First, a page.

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Financial Advice

Congress Can Procrastinate, But You Shouldn't

Congress Can Procrastinate, But You Shouldn't
Despite what most people think, the Internal Revenue Service does not make the rules that it enforces. Congress alone is responsible for your frustrations, and those could well increase as a result of its delay in passing the Tax Relief, Unemployment Insurance Reauthorization, and Job Creation Act of 2010, which didn't become law until Dec. 17. The act modifies or extends eight tax provisions.

I’m sure most of you won't be too upset over the possibility that the holdup may force you to delay filing your personal tax return this year. Some of those eight provisions affect how deductions are addressed on Schedule A, the form you use when itemizing your deductions. Most performers who are active in the industry itemize, as they usually have extensive expenses totaling more than the standard deduction, and those costs must be reported on Schedule A.

If you anticipate using the deductions for state and local sales tax, higher-education tuition and fees, and educator expenses, you will also need to hold off on filing your return. At this point, the IRS anticipates that it will not be ready to start receiving those returns until mid-to-late February.

Because two out of three taxpayers take the standard deduction instead of itemizing, IRS commissioner Doug Shulman was able to say, "The majority of taxpayers will be able to fill out their tax returns and file them as they normally do. We will do everything we can to minimize the impact of recent tax-law changes on other taxpayers. The IRS will work through the holidays and into the new year to get our systems reprogrammed and ensure taxpayers have a smooth tax season."

For those of you who itemize, this doesn't mean you should delay preparing your tax return. It just means the return can't be electronically filed until the IRS updates its computer systems. Interestingly, while the IRS is a little slow this year, the software companies selling programs to help with personal returns are ready to go. Many of these companies will accept your return, but they won't send it in until the IRS is ready to receive it.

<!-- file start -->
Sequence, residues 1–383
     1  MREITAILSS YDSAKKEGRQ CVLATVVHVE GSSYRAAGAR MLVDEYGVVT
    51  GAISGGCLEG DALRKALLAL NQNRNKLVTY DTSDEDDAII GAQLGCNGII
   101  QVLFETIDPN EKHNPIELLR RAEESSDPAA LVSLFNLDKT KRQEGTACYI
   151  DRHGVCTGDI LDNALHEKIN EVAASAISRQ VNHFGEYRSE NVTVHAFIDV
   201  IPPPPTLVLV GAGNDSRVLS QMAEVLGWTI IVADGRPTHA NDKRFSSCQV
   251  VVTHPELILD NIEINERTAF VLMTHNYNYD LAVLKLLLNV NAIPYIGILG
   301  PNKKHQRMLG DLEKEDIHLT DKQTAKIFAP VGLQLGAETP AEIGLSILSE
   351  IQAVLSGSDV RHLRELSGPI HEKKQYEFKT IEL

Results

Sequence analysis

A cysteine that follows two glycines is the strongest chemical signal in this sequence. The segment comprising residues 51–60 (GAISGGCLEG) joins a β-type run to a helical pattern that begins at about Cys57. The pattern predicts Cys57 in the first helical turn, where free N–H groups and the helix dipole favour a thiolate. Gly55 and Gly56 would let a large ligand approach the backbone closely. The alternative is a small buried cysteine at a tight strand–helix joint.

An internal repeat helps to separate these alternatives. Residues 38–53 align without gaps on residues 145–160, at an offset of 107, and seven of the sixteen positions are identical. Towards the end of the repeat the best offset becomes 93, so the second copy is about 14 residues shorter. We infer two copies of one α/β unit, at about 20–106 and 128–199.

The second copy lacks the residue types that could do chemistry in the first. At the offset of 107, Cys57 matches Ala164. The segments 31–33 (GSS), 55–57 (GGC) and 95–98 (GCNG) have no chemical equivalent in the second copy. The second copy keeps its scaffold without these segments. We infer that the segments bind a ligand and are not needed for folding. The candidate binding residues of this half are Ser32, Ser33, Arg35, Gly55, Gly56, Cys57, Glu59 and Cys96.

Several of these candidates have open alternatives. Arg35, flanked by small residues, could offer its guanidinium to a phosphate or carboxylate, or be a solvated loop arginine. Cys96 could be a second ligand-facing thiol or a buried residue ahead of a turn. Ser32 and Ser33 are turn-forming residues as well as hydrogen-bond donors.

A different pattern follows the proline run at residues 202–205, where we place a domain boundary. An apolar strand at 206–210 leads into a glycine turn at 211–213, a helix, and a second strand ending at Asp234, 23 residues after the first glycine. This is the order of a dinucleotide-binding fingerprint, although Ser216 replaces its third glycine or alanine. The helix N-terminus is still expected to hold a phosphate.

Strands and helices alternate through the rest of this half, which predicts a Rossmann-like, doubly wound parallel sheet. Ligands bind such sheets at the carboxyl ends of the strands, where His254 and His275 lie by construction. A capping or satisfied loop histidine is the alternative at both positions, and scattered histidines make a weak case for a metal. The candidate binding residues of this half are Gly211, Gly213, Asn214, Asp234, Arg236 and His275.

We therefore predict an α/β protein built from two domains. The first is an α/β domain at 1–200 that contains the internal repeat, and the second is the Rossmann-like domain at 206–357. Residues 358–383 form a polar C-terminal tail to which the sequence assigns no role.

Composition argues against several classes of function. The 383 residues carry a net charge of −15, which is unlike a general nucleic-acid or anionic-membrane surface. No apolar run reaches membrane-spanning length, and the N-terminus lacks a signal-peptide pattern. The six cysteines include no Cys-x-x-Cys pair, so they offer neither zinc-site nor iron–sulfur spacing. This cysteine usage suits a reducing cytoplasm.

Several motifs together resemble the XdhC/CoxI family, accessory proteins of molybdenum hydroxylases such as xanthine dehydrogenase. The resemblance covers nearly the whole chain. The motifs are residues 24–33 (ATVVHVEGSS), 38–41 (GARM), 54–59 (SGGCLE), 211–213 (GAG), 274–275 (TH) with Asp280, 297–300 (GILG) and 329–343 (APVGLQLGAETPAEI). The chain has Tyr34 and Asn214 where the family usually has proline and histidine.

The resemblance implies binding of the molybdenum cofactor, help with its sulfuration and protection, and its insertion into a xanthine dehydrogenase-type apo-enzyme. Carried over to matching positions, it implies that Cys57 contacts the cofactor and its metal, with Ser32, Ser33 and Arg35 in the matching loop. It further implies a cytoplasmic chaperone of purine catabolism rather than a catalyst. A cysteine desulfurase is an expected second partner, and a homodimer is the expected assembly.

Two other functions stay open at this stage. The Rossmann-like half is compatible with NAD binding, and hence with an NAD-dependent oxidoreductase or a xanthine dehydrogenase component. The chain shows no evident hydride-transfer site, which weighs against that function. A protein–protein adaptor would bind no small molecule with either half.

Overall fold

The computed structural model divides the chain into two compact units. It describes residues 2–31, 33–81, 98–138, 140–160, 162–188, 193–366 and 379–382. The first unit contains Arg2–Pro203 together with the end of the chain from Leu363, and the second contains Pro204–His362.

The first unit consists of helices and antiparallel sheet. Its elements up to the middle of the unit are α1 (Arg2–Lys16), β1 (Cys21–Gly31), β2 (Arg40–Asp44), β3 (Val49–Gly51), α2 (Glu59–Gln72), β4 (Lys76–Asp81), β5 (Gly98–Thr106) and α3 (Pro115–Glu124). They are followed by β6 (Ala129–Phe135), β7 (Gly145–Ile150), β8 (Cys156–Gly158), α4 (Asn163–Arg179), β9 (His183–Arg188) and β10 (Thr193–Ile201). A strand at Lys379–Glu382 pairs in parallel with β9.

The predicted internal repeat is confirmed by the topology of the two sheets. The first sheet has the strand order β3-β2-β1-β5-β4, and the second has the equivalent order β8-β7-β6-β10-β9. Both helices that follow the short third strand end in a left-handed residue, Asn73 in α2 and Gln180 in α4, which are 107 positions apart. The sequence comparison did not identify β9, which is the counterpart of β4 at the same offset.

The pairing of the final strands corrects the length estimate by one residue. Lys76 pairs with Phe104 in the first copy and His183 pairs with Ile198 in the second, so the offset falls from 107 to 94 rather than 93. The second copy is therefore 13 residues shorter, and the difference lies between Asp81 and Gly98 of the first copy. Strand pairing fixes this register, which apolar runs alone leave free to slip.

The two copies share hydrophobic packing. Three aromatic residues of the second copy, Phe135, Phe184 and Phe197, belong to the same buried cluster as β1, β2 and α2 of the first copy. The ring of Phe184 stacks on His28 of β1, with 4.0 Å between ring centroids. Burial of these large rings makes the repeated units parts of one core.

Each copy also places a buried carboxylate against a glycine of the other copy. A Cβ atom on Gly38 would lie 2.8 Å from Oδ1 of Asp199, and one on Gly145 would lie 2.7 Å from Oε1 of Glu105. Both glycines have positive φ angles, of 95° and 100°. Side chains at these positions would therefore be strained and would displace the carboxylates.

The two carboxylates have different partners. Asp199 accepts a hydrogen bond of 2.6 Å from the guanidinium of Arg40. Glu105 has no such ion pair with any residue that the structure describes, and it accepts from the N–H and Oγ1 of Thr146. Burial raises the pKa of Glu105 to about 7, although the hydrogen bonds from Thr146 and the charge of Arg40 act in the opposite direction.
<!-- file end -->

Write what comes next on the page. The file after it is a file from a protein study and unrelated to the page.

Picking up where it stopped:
While it may not seem to make sense to have your return finished before it can be filed, it’s actually a good idea. I urge you to get the process over with and move on with your acting, especially if there’s any possibility that you'll owe taxes beyond the amount withheld from your pay in 2010. There is nothing as frustrating for us as having to tell clients, on or about April 15, that they owe money because taxes were underwithheld from their pay. While the tax payment isn't due until April 15, getting the news a few weeks or months ahead of time can be a huge assist, giving you time to save or earn the extra money you'll need. That's much better than waiting until near the deadline to complete your return and then having no time to find the additional funds.


Nearly every year, due to inflation, the values of certain exemptions and adjustments rise. Although the personal and dependent exemption (available to most taxpayers) for the 2010 tax year will remain the same, when you fill out your return next year, the personal and dependent exemption for the 2011 tax year will be $3,700, a $50 increase. The standard deductions will also rise. For a married couple filing a joint return, the new standard deduction will be $11,600, a $200 increase, while single filers and married couples filing separately will each be able to claim $5,800, $100 more than the previous year. If you can claim head-of-household status, you will be allowed $8,500, also up $100. There will also be adjustments in all the tax brackets.

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